‘Fifth taste’ Umami could be beneficial for health, study

Posted by AFN Staff Writers on 27th January 2015
‘Fifth taste’ Umami makes low-fat peanut butter taste better, study
‘Fifth taste’ Umami makes low-fat peanut butter taste better, study

The umami taste could have an important and beneficial role in health, according to Japanese research.

A series of studies published in the journal Flavour in January 2015 found that umami and ‘kokumi’ substances, which modify flavour, could improve the taste of low-fat foods. The series brings together researchers from a range of different disciplines to provide a broad picture of the current understanding of taste.

“In general, our understanding of taste is inferior to our knowledge of the other human senses,” said Ole Mouritsen, Guest editor for the Flavour journal’s special series on umami and Professor of biophysics at the University of Denmark. “An understanding and description of our sensory perception of food requires input from many different scientific disciplines,” he said.

Umami important for health in elderly people

Despite the widely held belief that monosodium glutamate (MSG) is an unhealthy addition to food, researchers from Tohoku University Graduate School of Dentistry, Japan, have shown that the taste it triggers, umami, is important for health, especially in elderly people.

In a small study of 44 elderly patients, the researchers showed that some elderly patients suffered a loss of the umami taste sensation, and that all of the patients studied complained of appetite and weight loss, resulting in poor overall health.

Umami taste receptors also exist in the gut, according to the researchers. They said this suggested that the umami taste sensation functioned in nutrient sensation and modulating digestion in the gut, which could be important for maintaining a healthy daily life.

The researchers suggest that diseases suffered by elderly patients and side effects from their medications could cause taste disorders and reduced salivation. They also found that treatment to improve salivary flow had a beneficial effect on the patients’ taste sensations and could help patients with reduced umami sensitivity.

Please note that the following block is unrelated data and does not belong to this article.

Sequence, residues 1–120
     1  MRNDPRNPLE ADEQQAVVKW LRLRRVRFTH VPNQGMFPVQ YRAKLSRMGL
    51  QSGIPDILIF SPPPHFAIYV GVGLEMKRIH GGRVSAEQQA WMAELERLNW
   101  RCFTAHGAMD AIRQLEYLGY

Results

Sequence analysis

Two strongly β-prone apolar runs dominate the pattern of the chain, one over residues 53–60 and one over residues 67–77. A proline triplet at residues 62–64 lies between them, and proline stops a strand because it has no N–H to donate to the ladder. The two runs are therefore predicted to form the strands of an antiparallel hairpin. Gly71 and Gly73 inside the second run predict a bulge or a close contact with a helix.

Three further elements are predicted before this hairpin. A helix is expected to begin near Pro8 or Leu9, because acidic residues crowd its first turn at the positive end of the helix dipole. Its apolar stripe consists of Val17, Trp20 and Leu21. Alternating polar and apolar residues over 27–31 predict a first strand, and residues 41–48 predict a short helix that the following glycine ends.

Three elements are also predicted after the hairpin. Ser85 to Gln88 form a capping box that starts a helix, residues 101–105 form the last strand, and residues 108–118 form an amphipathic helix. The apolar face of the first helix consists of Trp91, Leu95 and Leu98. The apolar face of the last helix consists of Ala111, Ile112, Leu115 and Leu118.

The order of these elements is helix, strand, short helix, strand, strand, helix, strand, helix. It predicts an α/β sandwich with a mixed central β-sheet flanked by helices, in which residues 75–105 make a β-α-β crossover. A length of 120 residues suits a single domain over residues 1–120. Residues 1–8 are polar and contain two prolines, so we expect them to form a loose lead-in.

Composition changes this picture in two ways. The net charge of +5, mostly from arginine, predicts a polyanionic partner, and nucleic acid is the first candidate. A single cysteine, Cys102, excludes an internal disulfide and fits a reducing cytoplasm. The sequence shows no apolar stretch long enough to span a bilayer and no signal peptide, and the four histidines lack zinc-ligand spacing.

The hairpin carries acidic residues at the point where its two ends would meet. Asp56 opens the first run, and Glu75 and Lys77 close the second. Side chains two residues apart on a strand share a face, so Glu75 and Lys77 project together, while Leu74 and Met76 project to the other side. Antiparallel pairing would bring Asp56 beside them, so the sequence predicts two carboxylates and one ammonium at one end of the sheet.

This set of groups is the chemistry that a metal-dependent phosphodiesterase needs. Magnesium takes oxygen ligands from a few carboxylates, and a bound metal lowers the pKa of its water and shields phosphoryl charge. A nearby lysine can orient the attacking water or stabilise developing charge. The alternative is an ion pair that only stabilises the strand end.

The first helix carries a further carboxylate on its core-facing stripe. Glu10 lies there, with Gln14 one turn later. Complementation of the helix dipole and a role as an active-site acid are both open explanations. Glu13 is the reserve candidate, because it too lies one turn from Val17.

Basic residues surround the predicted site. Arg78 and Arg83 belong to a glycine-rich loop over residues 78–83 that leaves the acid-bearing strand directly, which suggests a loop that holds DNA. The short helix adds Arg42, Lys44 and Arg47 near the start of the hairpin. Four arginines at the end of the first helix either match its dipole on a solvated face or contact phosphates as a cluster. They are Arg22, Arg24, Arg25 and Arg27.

The discovery of the umami taste

In a separate review, Kumiko Ninomiya of the Umami Information Center in Japan explored umami’s discovery and the hundred-year delay in its global recognition as a basic taste.

Looking at the differences in culinary culture between Europe and Japan, the analysis by Ms Ninomiya highlighted recent collaborative studies with chefs and researchers on the different taste profiles for Japanese and Western soup stocks, and suggests reasons why umami has been more easily accepted by the Japanese.

However, Ms Ninomiya said a recent exchange on cooking methods and diverse types of umami-rich foods in different countries had “facilitated a new approach to culinary science” that could bring “healthier and tastier” solutions.

The importance of umami until now

In 2004 the well-known food commentator Malcolm Gladwell wrote an essay that examined the growing recognition and importance of umami. Mr Gladwell described the move towards using ripe tomatoes, which are a source of umami, by food manufacturer Heinz in its tomato ketchup.

‘Kokumi’ substances ‘significantly’ enhance flavour

Meanwhile, another Japanese study found that ‘kokumi’ substances, such as those found in garlic, onions and scallops, ‘significantly enhanced’ thick flavour, aftertaste and oilness in reduced-fat peanut butter.

‘Kokumi’ substances are known to enhance basic tastes when combined with other flavours, despite having no taste themselves.

The study, undertaken by researchers at the Institute of Food Research and Technologies and the Institute for Innovation in Japan, examined the effect of adding a ‘kokumi’ substance to peanut butter with a reduced-fat content (30 per cent), and had 29 participants compare the taste of this peanut butter with full-fat (50 per cent fat content) peanut butter.

The participants evaluated samples of the reduced-fat peanut butter and full-fat peanut butter model. A panel leader led the group in discussion on the differences and similarities between the samples. They developed a list of sensory attributes that described the sensory characteristics of the products. The participants developed attributes: peanut flavour, saltiness, sweetness, bitterness, thick flavour, aftertaste, continuity of taste, smoothness, and oiliness. The two peanut butters were evaluated based on these characteristics.

The researchers then analysed the data collected from these evaluations and found that the results demonstrated that the addition of the ‘kokumi’ substance increase some sensations that were lacking in the reduced-fat peanut butter. They said these results suggested that the addition of the substance “could improve the flavour of reduced-fat peanut butter” and other low-fat foods.